On Thursday, 24 September 2015, PharmAccess managing director Onno Schellekens was invited to give a presentation at the Duke Global Health Institute on how public and private stakeholders can work together to make health markets work for the poor.
In his introduction, Dr. Mike Merson, founding director of the Duke Global Health Institute and the Wolfgang Joklik Professor of Global Health at Duke University, told the audience that PharmAccess has “really revolutionized the way healthcare is being delivered in Africa.” He recalled how he first heard about PharmAccess from founder Joep Lange, who explained the PharmAccess approach to delivering anti-retroviral drugs in Africa through the private sector. Merson remembers thinking, could such a revolutionary idea work? “It just seemed so far out there. But Joep was a very innovative and daring soul, and as you will hear, it certainly has worked.”
While PharmAccess believes that the public sector has a very important role to play in achieving inclusive healthcare, the question Schellekens poses is: “When the state doesn’t have the means or the ability to care for everybody, what do you do?” After PharmAccess was founded in 2000, it quickly demonstrated that private financing for HIV/AIDS treatment was driving results in Africa. Schellekens is most proud of colleagues like Joep Lange who believed that it was better to start treating people for HIV/AIDS in Africa with private sector resources rather than “wait until the public money is there for everybody.” In the absence of a functioning state, “we should bypass the political correctness and stand up against big institutions that simply don’t deliver on what their mandate is.”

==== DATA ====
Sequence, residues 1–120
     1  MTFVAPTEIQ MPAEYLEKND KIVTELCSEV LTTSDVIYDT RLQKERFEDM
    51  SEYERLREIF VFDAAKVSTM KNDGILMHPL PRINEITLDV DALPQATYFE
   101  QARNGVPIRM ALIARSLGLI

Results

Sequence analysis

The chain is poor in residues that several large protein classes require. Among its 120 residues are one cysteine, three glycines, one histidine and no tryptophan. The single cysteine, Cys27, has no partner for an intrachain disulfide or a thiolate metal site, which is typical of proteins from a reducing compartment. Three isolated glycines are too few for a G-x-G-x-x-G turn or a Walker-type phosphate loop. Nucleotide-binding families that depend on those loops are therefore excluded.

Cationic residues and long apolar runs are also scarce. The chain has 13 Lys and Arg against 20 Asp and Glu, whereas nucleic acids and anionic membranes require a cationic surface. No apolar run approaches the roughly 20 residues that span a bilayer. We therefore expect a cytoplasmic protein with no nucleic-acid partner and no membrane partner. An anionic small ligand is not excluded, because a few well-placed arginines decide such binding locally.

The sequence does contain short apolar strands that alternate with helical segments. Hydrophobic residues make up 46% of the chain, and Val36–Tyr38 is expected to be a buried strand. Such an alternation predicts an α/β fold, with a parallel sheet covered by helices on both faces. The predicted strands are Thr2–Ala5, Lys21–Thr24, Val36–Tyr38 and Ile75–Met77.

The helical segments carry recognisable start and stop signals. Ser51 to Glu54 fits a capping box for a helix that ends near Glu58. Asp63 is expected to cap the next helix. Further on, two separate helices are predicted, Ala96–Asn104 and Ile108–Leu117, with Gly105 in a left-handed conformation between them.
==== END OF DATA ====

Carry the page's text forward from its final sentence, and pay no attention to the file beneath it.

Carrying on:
Schellekens then delivered a presentation on how PharmAccess and its many public and private partners in Africa and across the globe are working together to increase access to improved healthcare for people in sub-Saharan Africa.